by Daily Sabah with Agencies
Sep 01, 2015 12:00 am
As refugees continue to head for Western Europe, deep divisions prevail in the EU with the French foreign minister calling the Hungarian anti-immigrant fence extremely harsh and the British interior minister blaming the EU's borderless system for the crisis
Calls continued Sunday for Europe to finally get to grips with its ever-deadlier migrant crisis after Austria's horrific truck tragedy, as people continued to pour into Hungary from Serbia despite a newly completed razor-wire barrier. European Union home affairs ministers will hold emergency talks on Sept. 14 in Brussels on the continent's escalating migration crisis, the Luxembourg government said on Sunday.
"The situation of migration phenomena outside and inside the European Union has recently taken unprecedented proportions," said the statement from Luxembourg, which holds the EU's six-month rotating presidency. "In order to assess the situation on the ground, the political actions underway and to discuss the next steps in order to strengthen the European response, the Luxembourg Minister for Immigration and Asylum Jean Asselborn decided to convene an extraordinary JHA (justice and home affairs) Council," said the statement.
The call for a meeting of the EU's 28 member states follows a joint call for the talks by Germany, France and Britain earlier in the day. Germany's Thomas de Maiziere, Britain's Theresa May and France's Bernard Cazeneuve held talks Saturday on the issue, on the sidelines of a meeting in Paris on transport security. The trio "underlined the necessity to take immediate action to deal with the challenge from the migrant influx."
They also called for reception centers to be set up urgently in Italy and Greece in order to register new arrivals, and for a common EU list of "safe countries of origin" to be established. Berlin, which is expecting to receive 800,000 asylum-seekers this year, has been pushing for such a list, arguing that it would free up resources to help those fleeing war and persecution.
Hungarian police said a fifth suspected human trafficker had been arrested over Thursday's gruesome discovery of 71 decomposing corpses in an abandoned truck on an Austrian motorway. Three children saved from another vehicle meanwhile left hospital. Pope Francis called Sunday for "effective cooperation" against "crimes that offend all humanity." The truck tragedy, plus yet another Mediterranean shipwreck claiming at least 111 lives, have served as chilling reminders of Europe's failure to cope with the influx of hundreds of thousands of migrants. After the tragic incident, Austria toughened controls at its eastern borders in an attempt to clamp down on trafficking of refugees, triggering a queue of vehicles yesterday that stretched some 20 kilometers back into Hungary.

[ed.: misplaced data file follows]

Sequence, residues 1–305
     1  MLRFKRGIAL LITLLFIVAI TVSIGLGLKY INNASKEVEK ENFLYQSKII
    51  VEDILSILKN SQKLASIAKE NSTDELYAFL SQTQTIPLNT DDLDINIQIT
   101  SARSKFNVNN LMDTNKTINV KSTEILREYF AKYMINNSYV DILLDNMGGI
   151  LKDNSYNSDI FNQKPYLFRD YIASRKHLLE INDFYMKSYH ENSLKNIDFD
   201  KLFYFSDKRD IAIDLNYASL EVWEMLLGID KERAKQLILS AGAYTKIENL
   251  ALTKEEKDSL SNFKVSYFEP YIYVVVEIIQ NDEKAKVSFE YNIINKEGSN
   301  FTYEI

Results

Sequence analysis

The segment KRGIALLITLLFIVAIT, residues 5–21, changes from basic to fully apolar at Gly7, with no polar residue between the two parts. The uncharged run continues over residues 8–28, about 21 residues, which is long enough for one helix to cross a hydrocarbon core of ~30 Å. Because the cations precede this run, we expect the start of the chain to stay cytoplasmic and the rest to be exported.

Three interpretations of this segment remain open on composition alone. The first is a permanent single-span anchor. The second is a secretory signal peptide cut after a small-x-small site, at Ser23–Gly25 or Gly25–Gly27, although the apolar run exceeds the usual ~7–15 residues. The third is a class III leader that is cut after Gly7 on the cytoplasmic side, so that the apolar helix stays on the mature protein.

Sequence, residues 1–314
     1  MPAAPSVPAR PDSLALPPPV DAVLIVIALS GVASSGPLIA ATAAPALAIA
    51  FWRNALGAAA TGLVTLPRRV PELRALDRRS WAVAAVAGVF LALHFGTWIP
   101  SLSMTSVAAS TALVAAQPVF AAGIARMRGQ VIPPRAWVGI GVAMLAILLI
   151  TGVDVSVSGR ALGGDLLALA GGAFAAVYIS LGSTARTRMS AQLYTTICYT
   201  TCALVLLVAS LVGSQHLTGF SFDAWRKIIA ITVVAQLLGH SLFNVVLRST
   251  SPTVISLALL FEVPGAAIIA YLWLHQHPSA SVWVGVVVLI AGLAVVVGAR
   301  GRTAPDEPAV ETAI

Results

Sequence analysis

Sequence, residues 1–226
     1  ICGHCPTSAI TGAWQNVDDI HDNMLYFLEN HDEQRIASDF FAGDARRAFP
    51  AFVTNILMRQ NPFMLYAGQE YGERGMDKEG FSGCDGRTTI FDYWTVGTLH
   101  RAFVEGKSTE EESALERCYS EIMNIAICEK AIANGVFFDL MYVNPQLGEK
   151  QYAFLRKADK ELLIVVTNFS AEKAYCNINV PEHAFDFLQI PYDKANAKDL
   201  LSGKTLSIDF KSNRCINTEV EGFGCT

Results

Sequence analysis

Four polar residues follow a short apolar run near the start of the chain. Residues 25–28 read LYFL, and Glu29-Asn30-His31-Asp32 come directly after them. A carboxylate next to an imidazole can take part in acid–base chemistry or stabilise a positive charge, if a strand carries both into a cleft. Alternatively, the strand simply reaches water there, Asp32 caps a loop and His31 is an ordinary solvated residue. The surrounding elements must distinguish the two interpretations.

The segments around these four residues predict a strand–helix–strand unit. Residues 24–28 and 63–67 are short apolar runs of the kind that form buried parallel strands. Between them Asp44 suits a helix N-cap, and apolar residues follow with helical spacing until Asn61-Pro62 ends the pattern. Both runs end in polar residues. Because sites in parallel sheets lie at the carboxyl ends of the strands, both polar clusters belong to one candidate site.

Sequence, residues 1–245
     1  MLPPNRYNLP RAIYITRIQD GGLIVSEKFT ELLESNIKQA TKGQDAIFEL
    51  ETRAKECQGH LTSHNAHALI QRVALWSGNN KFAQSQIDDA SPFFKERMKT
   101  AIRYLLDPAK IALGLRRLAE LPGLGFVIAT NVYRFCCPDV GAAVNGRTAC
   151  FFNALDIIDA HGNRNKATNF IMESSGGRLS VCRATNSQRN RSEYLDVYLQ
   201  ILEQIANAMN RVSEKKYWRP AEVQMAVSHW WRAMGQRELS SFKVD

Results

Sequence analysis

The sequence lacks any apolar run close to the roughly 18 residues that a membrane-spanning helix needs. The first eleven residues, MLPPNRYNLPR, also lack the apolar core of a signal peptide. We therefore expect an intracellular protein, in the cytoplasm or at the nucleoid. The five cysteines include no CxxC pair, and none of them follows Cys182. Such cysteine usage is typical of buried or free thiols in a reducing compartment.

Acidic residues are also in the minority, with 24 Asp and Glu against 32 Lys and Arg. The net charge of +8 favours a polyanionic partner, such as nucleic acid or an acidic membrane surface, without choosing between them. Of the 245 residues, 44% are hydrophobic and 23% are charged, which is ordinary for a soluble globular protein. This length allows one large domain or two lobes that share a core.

"Europe needs to stop being moved and start moving," Italian Prime Minister Matteo Renzi said, calling again for a fairer distribution of migrants among the European Union's 28 members. Germany, France and Britain made a joint call for an urgent meeting of EU interior and justice ministers in the next two weeks to take "immediate action" and find "concrete steps."
Meanwhile some countries blame each other for the inefficient response to one of the continent's biggest ever migrant crises. Yesterday, French Foreign Minister Laurent Fabius slammed as "scandalous" the attitude of certain EU members in eastern Europe in refusing to accept more migrants and pointed in particular to an anti-migrant barrier in Hungary. In an interview with French radio on Sunday, Fabius said the measure was "extremely harsh. Hungary is part of Europe, which has values, and we do not respect those values by putting up fences that we wouldn't even use for animals," Al Jazeera reported. In response, Hungarian Foreign Minister Peter Szijjarto lashed out at Fabius over his criticism. "Instead of shocking and groundless judgments, one should instead concentrate on finding common solutions for Europe," he said. On the other hand, British Interior Minister Theresa May blamed the EU's borderless system for exacerbating a migrant crisis and demanded tighter EU rules on free movement. Writing in The Sunday Times newspaper, May said the Schengen border code that eliminated systematic frontier controls across much of Europe, but which Britain is not part of, had fueled the migrant crisis. "The events of this summer have shown that the most tragic consequences of a broken European migration system have been borne by those at risk of exploitation," May wrote.
As no concrete steps have been taken yet, Libya's Red Crescent said on Sunday that another boat carrying migrants has sunk off Libya and the bodies of at least seven people have been washed up. "We were alerted that a boat had sunk and that there are bodies on the beach in Khoms," 120 kilometers east of Tripoli, Red Crescent spokesman Mohammad al-Misrati told AFP. "We don't know how many people were on board, but the coastguard has begun a rescue operation and we are preparing to retrieve at least seven bodies that have been washed up," Misrati added.
The United Nations estimates 300,000 people have fled conflict and hardship in the Middle East and Africa for a better life in Europe this year alone. Turkey, Jordan and Lebanon have already over 3 million refugees. Some 2,500 have died in the treacherous journey, most drowning in the waters of the Mediterranean after being crammed into unseaworthy boats. Last week, the United Nations' refugee agency called on Europe to band together in dealing with the ongoing migrant crisis following chaotic scenes in different countries. More capacity is required to ensure the safety of migrants on their journey to other parts of Europe, according to a statement from UNHCR.